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When you buy airline tickets from travel agencies or discount internet sites, the airlines treat you like you are a scalper.
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In less than 24 hours of being back in Wuxi, the rudeness of the locals got to me. It first started when I got cut off trying to drive our car out of the apartment complex. Driving only for a minute in China, I already was using my horn. I never used the horn once when driving for three weeks and over a thousand kilometers in Canada. Then I was at the Family Mart convenience store nearby our school and a couple cut in front of me after I had opened the fridge door to buy a drink. I grabbed one drink and was about to get another when they moved right in front of me. I muttered curse words under my breath.
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The topic complaints. I asked the students what complaints they had about the Internet. Half of them mentioned the Great Fire Wall and the impending ban on personal VPNs.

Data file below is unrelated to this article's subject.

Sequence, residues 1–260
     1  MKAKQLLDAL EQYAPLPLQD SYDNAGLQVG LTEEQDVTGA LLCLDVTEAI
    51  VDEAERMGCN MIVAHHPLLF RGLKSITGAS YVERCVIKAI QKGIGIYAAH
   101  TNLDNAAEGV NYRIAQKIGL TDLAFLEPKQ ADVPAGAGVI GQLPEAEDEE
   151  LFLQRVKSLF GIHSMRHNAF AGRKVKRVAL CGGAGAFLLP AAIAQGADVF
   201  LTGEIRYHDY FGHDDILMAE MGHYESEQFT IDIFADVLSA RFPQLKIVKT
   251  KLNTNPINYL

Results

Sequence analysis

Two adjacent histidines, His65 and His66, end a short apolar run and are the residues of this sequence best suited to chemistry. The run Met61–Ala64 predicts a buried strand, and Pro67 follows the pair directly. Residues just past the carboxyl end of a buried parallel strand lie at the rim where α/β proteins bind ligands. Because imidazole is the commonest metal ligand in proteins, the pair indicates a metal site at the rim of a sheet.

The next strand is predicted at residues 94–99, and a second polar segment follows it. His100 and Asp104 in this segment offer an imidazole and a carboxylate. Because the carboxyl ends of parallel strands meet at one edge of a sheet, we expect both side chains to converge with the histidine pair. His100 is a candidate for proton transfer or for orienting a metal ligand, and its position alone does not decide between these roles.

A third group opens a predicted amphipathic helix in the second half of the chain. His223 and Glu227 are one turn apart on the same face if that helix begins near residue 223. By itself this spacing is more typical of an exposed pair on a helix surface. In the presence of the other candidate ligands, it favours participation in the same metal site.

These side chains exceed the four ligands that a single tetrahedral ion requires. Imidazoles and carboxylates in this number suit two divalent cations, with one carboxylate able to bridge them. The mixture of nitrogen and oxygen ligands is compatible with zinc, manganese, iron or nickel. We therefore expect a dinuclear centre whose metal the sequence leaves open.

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Presumption. That is why I think the Chinese are like weasels when they say "sorry" after a habitual act of rudeness has been pointed out to them. Their sorries seem so presumptuous.
Am I not guilty of this sin? Of course not.
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Less is more.
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As August came to an end, the prospect of Tony returning to school (he'll be in Grade Four) is not pleasing to me. I don't look forward to the traffic at his school when I drop him off and witnessing him being tiger-mothered by Jenny. Jenny says that Tony hasn't learned anything in school. (To which I retort that we should home school him and save the expense and aggravation of having him attend school in China.)
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Driving in Wuxi after returning from Canada, I have been filled with utter road rage. So much so that Tony has asked me why I am so angry. And so I am wondering why I am in a rage too. Perhaps, reading those two books about China written by Simon Leys which depicted the utter evil of the Chicoms contributed to the rage. Perhaps, all the thank-you's, the excuse-me's, and the have-a-good-days that I experienced in Canada and the yielding of Cars to pedestrians starkly reminded me what utter rude shits Wuxi drivers and Wuxi locals are in public.